CANNES, France (AP) — Death is something we'd all like to avoid. But director Michel Franco thinks a reluctance to look at the end of life is unhealthy.
The Mexican filmmaker's Cannes Film Festival entry "Chronic" stars Tim Roth as a homecare nurse to the dying. It's an unflinching film — no music, sparse dialogue — that plants the camera in bathrooms and bedrooms where Roth's character, David, shares his patients' most intimate moments.
"When I watch a film, the minute I sense that I am being manipulated, I step back," Franco said at a Cannes hotel poolside. "I was avoiding (trying) to manipulate the audience. You just show it. I think that's the most powerful, the purest, way to approach this material."
Many reviews of the film have included the word "challenging." Variety noted that the film asks "audiences to do the heavy lifting required to arrive at a meaningful emotional response."
Not everyone will embrace the film, but 35-year-old Franco has the firm loyalty of his crew. Sarah Sutherland, who plays the estranged daughter of Roth's character, said she knew from her first audition that this would not be a run-of-the-mill job.
"Immediately afterwards, I got an email saying 'We'd like you to come back. Please don't brush your hair, take off your makeup, wear flat shoes,'" said Sutherland, best known as the daughter of Julia Louis-Dreyfus' politician on the HBO comedy "Veep."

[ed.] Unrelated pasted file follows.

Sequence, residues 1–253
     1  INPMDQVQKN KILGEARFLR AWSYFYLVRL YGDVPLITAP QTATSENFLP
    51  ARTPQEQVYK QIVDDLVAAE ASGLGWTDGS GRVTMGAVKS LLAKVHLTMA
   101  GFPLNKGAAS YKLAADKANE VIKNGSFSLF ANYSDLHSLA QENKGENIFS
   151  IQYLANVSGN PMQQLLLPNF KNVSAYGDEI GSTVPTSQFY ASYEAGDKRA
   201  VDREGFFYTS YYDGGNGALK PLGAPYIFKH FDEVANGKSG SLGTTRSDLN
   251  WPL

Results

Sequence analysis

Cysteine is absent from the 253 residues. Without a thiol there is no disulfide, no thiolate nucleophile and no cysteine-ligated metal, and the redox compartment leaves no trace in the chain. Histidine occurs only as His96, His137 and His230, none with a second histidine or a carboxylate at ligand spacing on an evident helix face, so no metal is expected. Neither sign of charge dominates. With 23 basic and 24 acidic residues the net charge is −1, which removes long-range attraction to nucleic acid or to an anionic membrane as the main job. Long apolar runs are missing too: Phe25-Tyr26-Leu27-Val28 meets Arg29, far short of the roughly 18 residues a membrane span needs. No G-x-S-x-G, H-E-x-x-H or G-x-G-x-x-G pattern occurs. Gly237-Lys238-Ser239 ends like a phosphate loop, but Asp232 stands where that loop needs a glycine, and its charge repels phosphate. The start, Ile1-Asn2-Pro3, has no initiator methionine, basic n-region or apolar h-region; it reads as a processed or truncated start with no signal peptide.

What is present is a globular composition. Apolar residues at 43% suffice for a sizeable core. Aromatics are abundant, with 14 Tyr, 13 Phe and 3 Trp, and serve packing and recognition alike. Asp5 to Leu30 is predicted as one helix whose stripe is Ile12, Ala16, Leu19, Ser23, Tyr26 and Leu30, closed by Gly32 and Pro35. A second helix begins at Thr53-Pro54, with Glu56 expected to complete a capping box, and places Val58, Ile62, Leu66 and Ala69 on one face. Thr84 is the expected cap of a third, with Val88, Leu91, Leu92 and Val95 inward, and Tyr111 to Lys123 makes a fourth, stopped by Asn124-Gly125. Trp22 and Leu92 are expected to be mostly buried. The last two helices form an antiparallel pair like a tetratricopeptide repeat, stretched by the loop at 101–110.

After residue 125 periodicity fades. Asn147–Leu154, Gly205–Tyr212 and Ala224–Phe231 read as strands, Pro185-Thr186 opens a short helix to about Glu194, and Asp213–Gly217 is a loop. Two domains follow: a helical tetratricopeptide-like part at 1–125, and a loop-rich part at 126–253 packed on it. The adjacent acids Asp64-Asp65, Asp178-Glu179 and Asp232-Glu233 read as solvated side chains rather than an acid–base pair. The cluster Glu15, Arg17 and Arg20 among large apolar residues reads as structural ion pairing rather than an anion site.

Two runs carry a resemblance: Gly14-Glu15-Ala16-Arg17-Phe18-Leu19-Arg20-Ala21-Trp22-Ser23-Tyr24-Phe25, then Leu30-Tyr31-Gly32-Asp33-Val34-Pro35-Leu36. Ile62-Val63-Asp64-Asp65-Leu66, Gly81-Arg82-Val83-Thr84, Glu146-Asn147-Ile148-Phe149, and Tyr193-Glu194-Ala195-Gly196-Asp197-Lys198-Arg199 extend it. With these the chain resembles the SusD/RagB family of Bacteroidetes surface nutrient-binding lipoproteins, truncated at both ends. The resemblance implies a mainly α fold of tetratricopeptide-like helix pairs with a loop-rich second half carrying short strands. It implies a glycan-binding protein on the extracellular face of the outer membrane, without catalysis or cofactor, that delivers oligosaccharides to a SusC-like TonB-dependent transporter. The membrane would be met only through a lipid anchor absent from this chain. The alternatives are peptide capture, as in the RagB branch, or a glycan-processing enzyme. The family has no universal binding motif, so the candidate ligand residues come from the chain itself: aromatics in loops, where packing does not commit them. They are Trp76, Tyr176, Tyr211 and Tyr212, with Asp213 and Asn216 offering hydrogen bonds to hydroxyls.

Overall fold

"That's when I knew that Michel and I would really click," she added.
Roth praised Franco for looking where many others would flinch.
"Death is the last taboo," Roth said. "Nobody wants to talk about it. ... We have no vocabulary. We do not know what to do. We are helpless, floundering around."
Roth is in almost every shot of the film, and critics have praised the British actor's intense depiction of a man who has buried layers of emotional pain. He is a strong candidate for best actor at Cannes' award ceremony on Sunday.
The actor and director met at Cannes in 2012, when a jury headed by Roth awarded a prize to Franco's "After Lucia." At the time, Franco was writing a script inspired by the nurse who had cared for his grandmother after she had a stroke.
"He asked me what was my next movie," Franco said. "So I told him it's about a nurse, a female nurse in Mexico. He said, 'If you change it into a man, I'd love to do it.'"
The role is a change of pace for Roth from his work in the high-energy films of Quentin Tarantino. Roth was in "Reservoir Dogs" and "Pulp Fiction," and has just finished filming Tarantino's upcoming Western, "The Hateful Eight."
Franco said before he met Roth, "maybe it wouldn't have occurred to me that Tim was perfect for the role."
But in person, "I sensed something sad in his eyes."
"Chronic" is Franco's English-language debut, shot in Los Angeles with a mostly American cast. The director said working in the U.S. film industry meant resisting the urge to supersize his small, simple filmmaking style.
"I am used to doing things pretty much my own way," Franco said. "I like working with a tiny, tiny crew. When you're trying to portray intimacy onscreen, it's better to have an intimate crew as well.
"It was hard to keep it small, but I managed."
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